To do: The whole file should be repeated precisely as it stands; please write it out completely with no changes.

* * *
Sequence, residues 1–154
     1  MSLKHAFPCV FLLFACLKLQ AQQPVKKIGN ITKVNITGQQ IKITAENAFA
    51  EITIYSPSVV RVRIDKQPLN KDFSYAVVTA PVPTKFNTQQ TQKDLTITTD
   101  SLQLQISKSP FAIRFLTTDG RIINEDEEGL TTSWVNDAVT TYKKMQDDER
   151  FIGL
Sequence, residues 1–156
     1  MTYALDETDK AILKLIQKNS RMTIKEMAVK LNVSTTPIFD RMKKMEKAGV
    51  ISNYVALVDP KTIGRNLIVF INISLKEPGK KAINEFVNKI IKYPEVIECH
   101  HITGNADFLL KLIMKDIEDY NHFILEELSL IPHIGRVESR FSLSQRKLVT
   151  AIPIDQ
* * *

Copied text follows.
Sequence, residues 1–154
     1  MSLKHAFPCV FLLFACLKLQ AQQPVKKIGN ITKVNITGQQ IKITAENAFA
    51  EITIYSPSVV RVRIDKQPLN KDFSYAVVTA PVPTKFNTQQ TQKDLTITTD
   101  SLQLQISKSP FAIRFLTTDG RIINEDEEGL TTSWVNDAVT TYKKMQDDER
   151  FIGL
Sequence, residues 1–156
     1  MTYALDETDK AILKLIQKNS RMTIKEMAVK LNVSTTPIFD RMKKMEKAGV
    51  ISNYVALVDP KTIGRNLIVF INISLKEPGK KAINEFVNKI IKYPEVIECH
   101  HITGNADFLL KLIMKDIEDY NHFILEELSL IPHIGRVESR FSLSQRKLVT
   151  AIPIDQ